Monday, February 13, 2012

The EU Debt Crisis did Not Curb the Growth of Renewables in 2011

A Think Progress article by Stephen Lacey, asked whether the European sovereign debt crisis derailed renewable energy in 2011. Even though financial difficulties have caused a few countries to reduce their support, Lacey concludes that "2011 was still a huge year for deployment — with wind and solar alone representing almost 70% of new capacity."

According to a report from the European Wind Energy Association, Renewable energy has increased more than ten times in the last eleven years. In 2000 there was only 3.5 GW of installed renewable energy in Europe, in 2011 that number had grown to 32 GW (mostly wind and solar).

The growth of renewable energy in Europe has already outpaced forecasts in many countries. The EU currently has a target of 20 percent of its final energy (heat, electricity and fuels) from renewable energy. Numerous countries have already surpassed their targets in the electricity and heating sectors, and it’s likely that the entire region will move past the goal well ahead of schedule.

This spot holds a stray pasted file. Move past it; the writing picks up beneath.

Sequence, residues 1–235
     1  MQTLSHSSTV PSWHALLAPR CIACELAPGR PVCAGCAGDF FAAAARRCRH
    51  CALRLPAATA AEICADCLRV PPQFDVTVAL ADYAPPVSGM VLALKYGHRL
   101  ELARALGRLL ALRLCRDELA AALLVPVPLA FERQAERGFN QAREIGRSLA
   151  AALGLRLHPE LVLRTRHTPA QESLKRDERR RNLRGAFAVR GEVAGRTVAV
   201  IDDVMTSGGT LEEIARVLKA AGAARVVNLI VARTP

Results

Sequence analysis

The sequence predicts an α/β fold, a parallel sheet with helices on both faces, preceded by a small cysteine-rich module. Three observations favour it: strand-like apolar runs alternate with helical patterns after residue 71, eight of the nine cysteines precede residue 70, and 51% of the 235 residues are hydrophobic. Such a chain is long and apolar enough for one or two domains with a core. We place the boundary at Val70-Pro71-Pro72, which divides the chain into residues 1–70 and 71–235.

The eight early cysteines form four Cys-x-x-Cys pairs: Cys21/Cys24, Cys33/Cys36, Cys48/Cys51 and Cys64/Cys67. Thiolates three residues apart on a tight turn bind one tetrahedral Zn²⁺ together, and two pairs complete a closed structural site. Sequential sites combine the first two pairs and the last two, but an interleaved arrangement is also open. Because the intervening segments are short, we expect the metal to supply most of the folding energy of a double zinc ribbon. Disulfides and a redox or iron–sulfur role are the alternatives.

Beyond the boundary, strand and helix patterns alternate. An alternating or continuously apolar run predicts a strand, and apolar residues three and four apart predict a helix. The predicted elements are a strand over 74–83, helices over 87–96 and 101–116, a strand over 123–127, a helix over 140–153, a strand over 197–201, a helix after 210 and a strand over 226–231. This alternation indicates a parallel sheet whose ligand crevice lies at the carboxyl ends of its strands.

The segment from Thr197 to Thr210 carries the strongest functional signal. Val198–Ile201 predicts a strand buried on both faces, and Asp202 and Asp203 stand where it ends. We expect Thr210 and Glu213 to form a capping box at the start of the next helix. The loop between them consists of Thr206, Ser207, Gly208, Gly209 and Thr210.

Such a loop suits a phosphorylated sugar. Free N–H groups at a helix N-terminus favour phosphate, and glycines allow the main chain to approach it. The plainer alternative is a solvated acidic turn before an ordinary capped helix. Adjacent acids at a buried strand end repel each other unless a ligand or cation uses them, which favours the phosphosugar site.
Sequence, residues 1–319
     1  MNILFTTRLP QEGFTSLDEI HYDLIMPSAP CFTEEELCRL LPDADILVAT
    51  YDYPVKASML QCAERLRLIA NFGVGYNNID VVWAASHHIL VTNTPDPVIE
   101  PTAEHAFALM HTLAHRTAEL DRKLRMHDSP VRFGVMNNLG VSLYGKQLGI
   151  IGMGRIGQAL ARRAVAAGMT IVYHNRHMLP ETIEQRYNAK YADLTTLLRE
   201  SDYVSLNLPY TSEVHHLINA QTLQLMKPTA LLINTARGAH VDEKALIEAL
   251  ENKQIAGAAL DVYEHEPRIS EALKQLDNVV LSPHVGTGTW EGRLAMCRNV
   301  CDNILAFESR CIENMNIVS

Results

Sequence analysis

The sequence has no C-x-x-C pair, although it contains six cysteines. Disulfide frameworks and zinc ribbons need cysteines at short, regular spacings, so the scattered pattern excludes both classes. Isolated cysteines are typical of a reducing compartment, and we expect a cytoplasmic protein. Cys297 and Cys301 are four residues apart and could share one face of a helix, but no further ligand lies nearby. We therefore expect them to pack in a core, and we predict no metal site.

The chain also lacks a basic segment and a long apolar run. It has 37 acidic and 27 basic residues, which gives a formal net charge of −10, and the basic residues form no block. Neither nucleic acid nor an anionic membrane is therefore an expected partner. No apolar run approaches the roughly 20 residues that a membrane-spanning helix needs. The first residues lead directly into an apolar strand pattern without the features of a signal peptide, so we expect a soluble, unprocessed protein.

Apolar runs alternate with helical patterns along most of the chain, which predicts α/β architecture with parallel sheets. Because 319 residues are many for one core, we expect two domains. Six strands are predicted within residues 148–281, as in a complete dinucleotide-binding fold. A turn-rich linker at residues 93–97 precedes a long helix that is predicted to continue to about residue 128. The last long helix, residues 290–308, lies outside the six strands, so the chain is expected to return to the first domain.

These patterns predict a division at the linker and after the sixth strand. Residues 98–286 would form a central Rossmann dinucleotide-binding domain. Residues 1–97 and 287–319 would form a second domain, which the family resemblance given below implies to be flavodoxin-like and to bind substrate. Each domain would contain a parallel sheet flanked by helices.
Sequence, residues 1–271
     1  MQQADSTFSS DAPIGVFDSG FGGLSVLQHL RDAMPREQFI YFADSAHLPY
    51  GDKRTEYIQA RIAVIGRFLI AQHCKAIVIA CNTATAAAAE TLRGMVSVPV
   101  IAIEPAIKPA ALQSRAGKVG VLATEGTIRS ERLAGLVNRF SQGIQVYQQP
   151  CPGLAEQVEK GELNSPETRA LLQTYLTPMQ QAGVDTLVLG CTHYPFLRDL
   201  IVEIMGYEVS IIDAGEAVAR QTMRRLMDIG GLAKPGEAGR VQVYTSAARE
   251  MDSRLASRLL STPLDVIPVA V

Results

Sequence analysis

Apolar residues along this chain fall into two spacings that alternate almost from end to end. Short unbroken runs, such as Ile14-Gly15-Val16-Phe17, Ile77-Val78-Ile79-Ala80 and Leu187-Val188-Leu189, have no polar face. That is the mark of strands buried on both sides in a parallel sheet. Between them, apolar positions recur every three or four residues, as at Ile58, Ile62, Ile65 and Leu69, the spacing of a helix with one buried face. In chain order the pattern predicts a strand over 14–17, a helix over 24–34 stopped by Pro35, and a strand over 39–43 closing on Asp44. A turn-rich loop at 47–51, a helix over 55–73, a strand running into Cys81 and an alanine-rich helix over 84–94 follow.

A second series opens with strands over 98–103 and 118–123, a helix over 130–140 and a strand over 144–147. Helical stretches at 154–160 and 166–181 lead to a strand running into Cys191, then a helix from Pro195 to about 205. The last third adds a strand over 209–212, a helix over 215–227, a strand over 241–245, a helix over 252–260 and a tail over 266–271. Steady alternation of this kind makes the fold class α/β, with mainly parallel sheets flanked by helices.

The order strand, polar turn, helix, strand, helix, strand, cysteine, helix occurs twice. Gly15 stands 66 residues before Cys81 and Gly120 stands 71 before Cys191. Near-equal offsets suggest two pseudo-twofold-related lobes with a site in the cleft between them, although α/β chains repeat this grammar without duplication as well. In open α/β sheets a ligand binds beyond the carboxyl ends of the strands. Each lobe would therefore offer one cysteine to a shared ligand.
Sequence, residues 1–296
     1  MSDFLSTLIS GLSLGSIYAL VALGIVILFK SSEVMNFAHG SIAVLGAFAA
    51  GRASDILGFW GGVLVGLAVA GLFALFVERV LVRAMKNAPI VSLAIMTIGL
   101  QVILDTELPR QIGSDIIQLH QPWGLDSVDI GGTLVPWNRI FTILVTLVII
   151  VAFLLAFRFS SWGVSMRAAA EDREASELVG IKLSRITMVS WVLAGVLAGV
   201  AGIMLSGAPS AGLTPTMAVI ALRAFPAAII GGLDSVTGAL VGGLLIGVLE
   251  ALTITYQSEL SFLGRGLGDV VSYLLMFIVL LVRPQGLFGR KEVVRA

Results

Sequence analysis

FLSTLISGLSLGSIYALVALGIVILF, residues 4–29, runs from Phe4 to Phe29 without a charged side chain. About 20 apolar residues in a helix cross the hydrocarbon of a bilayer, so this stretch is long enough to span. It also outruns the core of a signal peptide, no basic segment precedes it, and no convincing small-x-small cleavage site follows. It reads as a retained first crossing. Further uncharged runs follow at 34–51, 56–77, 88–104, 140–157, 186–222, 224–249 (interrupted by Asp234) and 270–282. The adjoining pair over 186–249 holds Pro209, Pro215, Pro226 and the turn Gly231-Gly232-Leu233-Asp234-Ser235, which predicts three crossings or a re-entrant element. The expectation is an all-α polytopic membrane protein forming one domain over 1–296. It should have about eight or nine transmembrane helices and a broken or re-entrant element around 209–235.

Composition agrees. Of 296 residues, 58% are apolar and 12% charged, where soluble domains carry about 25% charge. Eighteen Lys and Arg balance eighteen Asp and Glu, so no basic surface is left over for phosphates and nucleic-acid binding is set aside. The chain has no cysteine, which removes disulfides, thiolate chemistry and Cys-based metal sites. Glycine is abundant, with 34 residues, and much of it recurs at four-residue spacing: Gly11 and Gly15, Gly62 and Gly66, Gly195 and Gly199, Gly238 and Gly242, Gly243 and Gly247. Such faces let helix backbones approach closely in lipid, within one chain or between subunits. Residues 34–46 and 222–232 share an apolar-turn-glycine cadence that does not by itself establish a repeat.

It’s expected that renewable electricity sources will meet 34 percent of demand in Europe by 2020, with 25 of 27 countries to surpass their targets beforehand.

In 2011, solar PV accounted for 26.7% of capacity additions, wind power accounted for 21.4% of additions, and natural gas made up 22% of installations. Below that was coal at 4.8%, fuel oil at 1.6%, large hydro at 1.3%, and concentrating solar power at 1.1% of capacity.

© 2012, Richard Matthews. All rights reserved.

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1 comment:

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